Kurds Move In To Kill Isolated ISIS Capital Cities

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Jonah Bennett Contributor
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Islamic State capital cities of Raqqa and Mosul in Syria and Iraq respectively are close to being choked off after the fall of the last major supply route.

Kurdish fighters backed by U.S. airstrikes and special forces advisers have made major progress in taking back the town of Shaddadi in northeastern Syria, which serves as a supply route to connect the de facto ISIS capital to Mosul, reports.

Aside from Shaddadi, Kurdish forces this week captured Thawrah, yet another supply route for Raqqa. Now that Shaddadi and Thawrah are in the bag, Syrian Kurdish forces are moving rapidly towards Raqqa to isolate it from further support. However, there are two reasons Raqqa may still remain in ISIS hands. First, there are not many Kurds in Raqqa, which takes away part of the motivation for an assault, and second, the city may be able to survive without access to supply lines.

“Four months ago, we did not have momentum,” Joint Chiefs Chairman Gen. Joseph Dunford said Thursday at a House Committee on Appropriations hearing. “Today, I can tell you with authority we do have momentum. There’s a lot of work left to be done, but the enemy is under great pressure. My assessment is the trajectory is in the right direction.”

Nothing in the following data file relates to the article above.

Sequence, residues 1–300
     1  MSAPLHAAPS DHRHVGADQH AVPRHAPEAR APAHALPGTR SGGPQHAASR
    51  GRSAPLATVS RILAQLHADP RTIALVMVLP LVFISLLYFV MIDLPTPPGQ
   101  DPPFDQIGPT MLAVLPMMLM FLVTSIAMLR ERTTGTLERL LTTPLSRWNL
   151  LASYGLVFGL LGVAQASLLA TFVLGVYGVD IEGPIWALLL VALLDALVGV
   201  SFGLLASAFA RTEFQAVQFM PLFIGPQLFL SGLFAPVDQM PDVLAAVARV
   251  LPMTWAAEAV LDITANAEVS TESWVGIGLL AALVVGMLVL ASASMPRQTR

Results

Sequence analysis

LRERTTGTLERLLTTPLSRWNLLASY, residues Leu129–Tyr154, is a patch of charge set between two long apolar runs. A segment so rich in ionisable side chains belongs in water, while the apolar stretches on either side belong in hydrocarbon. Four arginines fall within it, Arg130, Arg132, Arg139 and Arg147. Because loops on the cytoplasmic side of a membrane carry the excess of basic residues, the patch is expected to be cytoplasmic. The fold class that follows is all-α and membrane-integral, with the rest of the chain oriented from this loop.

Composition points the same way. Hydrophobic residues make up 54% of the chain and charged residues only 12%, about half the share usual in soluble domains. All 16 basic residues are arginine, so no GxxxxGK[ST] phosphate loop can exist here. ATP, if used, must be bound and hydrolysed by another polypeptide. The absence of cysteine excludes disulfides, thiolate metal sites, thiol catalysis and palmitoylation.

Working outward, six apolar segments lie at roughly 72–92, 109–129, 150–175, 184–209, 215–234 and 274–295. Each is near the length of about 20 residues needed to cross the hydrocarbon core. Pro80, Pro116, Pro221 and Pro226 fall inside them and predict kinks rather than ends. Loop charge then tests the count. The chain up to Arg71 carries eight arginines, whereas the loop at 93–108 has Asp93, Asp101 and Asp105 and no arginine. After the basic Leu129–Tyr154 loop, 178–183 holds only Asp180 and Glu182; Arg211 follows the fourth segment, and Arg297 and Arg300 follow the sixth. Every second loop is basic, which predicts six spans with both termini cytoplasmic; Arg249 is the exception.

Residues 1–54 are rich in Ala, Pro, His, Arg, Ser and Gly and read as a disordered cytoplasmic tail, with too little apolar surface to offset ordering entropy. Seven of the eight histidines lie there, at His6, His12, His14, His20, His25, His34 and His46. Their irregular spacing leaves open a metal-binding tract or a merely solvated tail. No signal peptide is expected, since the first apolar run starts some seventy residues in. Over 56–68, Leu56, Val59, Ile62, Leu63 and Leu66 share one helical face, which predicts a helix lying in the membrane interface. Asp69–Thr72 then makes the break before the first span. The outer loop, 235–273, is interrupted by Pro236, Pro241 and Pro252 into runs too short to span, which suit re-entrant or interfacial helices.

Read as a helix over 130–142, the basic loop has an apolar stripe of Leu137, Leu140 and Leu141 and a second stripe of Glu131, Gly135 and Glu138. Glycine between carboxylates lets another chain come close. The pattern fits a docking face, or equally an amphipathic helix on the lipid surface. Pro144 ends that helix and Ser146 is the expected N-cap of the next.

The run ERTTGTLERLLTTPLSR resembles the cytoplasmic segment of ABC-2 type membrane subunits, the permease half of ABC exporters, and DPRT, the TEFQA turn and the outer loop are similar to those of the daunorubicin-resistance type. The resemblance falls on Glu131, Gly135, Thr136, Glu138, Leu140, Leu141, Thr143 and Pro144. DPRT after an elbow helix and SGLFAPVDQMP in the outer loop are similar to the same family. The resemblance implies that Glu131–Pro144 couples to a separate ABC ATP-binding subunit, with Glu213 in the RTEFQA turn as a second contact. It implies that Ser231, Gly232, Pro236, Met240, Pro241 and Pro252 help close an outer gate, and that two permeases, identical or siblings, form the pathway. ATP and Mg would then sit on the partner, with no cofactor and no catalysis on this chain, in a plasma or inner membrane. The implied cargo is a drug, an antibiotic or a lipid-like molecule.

But Kurdish forces closing in on Raqqa may not mean the end of ISIS, as militants have aggressively expanded to western Syria and held the city of Palmyra, despite an onslaught of Russian airstrikes. Pentagon estimates, however, point to a much lower fighter presence. The group is reportedly down to just 15,000 fighters. Still, if ISIS holds on to Palmyra and seizes control of the city Homs, it may hold on to Syria for some time.

What seems apparent is that ISIS would rather fight Syrian government forces than Kurdish forces, mostly because the latter is backed by U.S. airstrikes. In Palmyra, Syrian forces, supported by Russian airstrikes, haven’t been able to make a single dent in ISIS defenses.

“ISIS is prioritizing fighting the Syrian regime over Kurdish forces. We are at the beginning of that trend,” Jennifer Cafarella, a fellow at the Institute for the Study of War, told The Daily Beast. “They are ceding territory in the north while consolidating in central Syria and positioning themselves in the west.”

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